VOD Review - Big Words (Black History Month)

Yaya Alafia (left) and Dorian Missick
in "Big Words"
Neil Drumming wrote and directed this film about the lives of three African-American men who converge on November 4, 2008, the election day for President Barack Obama. The three black men used to be friends but haven't been together in 15 years. The three had formed a rap group, but personal circumstances tore them apart. This night will see them deal with those circumstances.

This movie is a great film to spotlight for Black History Month because this is a movie distributed by AFFRM. AFFRM stands for African American Film Festival Releasing Movement. It's a collection of film organizations that seek to provide distribution of independent movies for black people by black people. AFFRM's first movie was I Will Follow (2010) by Ava DuVernay, the award-winning filmmaker who has become AFFRM's ambassador. Her film Middle of Nowhere (2012) was also distributed under AFFRM.

Big Words is the sixth film released under the AFFRM banner. It got a limited theatrical run in July 2013. It had foregone a proper DVD release. Instead, the film went straight to Video-On-Demand and was exclusively available on Netflix to stream, starting on January 6, 2014.

It stars three men, mostly known for their roles on television. Dorian Missick (Southland and Haven) plays John Smith who 15 years ago was known as "Big Words," the leader of the rap group and main lyricist, but now is an IT worker in Jersey. Gbenga Akinnagbe (The Wire and Nurse Jackie) plays James who is currently a publicist at a book publisher, previously known as Jayvee Da Mack. Darian Sills-Evans (Third Watch and Treme) plays Terry, the DJ of the rap group who after 15 years still hasn't moved on. He still refers to himself as DJ Malik. He still plays vinyl records and keeps talking about a beat he made nearly two decades ago but can't let it go.

As we watch these three black men go about their day culminating in the announcement of Obama's win, Drumming, a former magazine editor and contributor, addresses some of the controversies surrounding rap and hip hop music, as well as music in general. Examples include defining hip hop in the 21st century, sampling, authenticity and even the issue of homophobia.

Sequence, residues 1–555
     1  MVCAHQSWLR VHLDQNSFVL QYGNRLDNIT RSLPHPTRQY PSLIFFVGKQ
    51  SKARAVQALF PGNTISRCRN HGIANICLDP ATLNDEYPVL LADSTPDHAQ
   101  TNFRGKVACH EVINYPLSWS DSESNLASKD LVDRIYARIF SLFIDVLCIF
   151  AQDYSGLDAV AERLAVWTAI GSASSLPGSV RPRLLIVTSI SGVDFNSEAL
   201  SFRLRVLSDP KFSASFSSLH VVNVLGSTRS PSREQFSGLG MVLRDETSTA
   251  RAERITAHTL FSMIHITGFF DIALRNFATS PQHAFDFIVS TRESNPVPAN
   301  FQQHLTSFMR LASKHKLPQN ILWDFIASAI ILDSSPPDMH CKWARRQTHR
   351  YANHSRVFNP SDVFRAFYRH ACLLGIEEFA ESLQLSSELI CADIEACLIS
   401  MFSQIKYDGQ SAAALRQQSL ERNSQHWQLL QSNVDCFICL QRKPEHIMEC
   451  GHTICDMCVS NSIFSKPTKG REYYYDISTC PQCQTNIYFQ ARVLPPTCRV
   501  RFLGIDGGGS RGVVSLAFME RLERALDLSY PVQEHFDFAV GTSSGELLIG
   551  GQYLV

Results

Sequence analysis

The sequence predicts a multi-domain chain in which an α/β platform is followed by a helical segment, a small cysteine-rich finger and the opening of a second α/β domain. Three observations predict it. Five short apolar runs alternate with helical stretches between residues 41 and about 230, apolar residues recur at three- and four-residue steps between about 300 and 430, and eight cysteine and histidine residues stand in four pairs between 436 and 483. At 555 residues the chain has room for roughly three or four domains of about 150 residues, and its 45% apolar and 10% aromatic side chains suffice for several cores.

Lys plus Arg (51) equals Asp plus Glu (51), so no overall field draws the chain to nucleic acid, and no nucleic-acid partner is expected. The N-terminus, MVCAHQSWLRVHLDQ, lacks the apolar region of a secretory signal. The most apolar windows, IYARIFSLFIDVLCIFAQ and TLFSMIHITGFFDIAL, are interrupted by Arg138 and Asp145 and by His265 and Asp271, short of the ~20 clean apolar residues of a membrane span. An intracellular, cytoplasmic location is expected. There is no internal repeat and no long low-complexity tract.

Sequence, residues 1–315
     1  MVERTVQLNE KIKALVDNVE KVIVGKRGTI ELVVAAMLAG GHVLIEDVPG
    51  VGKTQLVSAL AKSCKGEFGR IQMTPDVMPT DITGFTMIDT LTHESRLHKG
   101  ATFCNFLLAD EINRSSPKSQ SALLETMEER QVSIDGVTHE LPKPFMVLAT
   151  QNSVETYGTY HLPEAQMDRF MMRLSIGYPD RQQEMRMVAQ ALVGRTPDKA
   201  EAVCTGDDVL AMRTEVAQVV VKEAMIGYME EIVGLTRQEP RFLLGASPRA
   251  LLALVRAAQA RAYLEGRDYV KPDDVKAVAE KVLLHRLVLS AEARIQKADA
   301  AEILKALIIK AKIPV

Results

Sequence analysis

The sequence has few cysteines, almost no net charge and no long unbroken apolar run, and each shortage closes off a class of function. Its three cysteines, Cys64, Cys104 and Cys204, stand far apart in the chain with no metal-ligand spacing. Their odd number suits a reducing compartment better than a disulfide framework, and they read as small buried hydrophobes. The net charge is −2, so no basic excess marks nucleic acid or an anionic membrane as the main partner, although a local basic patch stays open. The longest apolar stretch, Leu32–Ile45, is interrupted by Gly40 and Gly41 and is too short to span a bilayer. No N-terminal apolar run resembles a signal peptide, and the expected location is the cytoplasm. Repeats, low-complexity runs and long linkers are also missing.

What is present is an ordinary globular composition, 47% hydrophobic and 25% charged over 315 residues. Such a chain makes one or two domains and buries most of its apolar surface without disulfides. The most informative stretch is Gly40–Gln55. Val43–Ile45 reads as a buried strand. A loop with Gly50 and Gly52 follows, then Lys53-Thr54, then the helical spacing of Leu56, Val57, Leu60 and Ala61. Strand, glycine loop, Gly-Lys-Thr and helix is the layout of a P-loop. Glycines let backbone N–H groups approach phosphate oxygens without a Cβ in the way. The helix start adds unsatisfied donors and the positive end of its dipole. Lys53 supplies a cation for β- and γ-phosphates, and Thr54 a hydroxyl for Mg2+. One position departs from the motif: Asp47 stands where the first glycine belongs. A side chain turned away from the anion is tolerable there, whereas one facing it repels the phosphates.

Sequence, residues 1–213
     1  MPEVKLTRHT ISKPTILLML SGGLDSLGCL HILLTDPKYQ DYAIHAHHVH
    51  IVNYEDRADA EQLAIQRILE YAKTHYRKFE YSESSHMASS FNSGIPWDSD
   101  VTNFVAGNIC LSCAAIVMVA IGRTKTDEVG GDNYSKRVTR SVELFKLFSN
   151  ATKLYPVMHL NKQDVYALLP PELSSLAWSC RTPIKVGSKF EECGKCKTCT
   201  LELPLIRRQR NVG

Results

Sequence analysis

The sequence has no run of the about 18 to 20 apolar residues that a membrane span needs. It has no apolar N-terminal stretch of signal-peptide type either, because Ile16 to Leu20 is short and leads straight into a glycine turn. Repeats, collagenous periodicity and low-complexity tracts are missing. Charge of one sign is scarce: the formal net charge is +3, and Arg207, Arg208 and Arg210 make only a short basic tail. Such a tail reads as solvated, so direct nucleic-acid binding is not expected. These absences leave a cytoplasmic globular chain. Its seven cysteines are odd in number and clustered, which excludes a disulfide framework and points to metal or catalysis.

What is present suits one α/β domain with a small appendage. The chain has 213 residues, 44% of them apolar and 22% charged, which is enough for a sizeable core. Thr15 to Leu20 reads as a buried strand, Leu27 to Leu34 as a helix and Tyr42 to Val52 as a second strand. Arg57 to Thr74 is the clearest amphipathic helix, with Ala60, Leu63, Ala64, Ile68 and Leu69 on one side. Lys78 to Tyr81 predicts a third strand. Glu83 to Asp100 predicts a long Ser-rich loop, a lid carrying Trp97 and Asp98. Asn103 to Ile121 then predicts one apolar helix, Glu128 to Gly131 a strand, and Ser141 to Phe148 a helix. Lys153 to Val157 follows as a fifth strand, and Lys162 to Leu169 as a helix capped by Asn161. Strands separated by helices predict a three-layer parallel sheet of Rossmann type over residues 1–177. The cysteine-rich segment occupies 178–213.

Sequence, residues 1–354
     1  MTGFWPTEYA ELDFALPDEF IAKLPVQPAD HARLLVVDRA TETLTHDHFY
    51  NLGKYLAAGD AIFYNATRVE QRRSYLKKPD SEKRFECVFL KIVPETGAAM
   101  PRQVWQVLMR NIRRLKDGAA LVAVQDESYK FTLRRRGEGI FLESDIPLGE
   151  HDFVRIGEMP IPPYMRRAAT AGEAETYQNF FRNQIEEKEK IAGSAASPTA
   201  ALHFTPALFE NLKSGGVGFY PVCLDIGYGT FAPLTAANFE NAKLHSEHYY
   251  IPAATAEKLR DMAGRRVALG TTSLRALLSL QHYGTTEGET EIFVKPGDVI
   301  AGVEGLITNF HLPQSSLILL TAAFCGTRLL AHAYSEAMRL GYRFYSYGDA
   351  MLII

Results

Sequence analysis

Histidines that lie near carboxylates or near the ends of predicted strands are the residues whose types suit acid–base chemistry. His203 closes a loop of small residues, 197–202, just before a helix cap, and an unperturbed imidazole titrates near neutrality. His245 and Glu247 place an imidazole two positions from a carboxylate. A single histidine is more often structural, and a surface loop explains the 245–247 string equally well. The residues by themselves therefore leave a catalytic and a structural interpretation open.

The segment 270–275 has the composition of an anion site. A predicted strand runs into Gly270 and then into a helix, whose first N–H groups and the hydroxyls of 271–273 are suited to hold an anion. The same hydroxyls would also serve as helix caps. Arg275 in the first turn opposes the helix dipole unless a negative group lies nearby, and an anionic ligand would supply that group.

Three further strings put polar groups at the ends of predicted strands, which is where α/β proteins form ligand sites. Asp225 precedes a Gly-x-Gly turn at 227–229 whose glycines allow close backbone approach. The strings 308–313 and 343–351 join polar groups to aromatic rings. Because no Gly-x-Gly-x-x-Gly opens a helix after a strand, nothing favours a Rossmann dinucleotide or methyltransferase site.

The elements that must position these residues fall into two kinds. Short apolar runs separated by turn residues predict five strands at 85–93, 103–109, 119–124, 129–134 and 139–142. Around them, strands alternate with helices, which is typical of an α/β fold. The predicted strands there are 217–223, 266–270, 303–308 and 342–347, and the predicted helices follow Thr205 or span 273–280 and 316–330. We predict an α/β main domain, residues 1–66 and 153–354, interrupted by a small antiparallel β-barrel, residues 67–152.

Even though we now live in a world where an openly gay hip hop artist, Frank Ocean, can perform on national TV like the Grammy Awards, this movie acknowledges the history and the echoes of homophobia that persist slightly. Ocean is more known as being a R&B artist and a hardcore gay rapper like Le1f or Big Freedia has yet to achieve a spot in the mainstream, or a place on the Grammy stage.

To get us into it, Drumming introduces the character of Ben, played by Zachary Booth (Keep the Lights On and Damages), an assistant to James and an aspiring writer who wants to do a book about his father, Isaac Shine. Coincidentally, Shine was the owner of the record label that signed the rap group of the three black men in question.

The group was signed to a label but they never became a big thing. The group in fact broke up not that long after being signed. All three men know why but no one is saying. It's up to Ben to learn the reason that split the group. The reason has a lot of implications, but the true power is seeing how each man deals with the aftermath and move forward with their lives, if move forward at all.

Watching how each man handles intimate relationships is part of that. The trick is seeing how they connect with potential partners or disconnect with those partners. Yaya Alafia (Lee Daniels' The Butler and All My Children) plays Annie, a stripper who is also an aspiring singer. Seeing how John connects and disconnects from her is very revealing. Amir Arison (The Blacklist and Girls) plays Eddie, the gay lover to James. Seeing how James disconnects and then connects to him is equally revealing.

It's a movie that boasts great performances from each of the actors here, particularly from Missick. They're subtle, humanistic, funny and empathetic. Drumming has created a great slice of life.

Five Stars out of Five.
Not Rated but recommended for mature audiences.
Running Time: 1 hr. and 33 mins.


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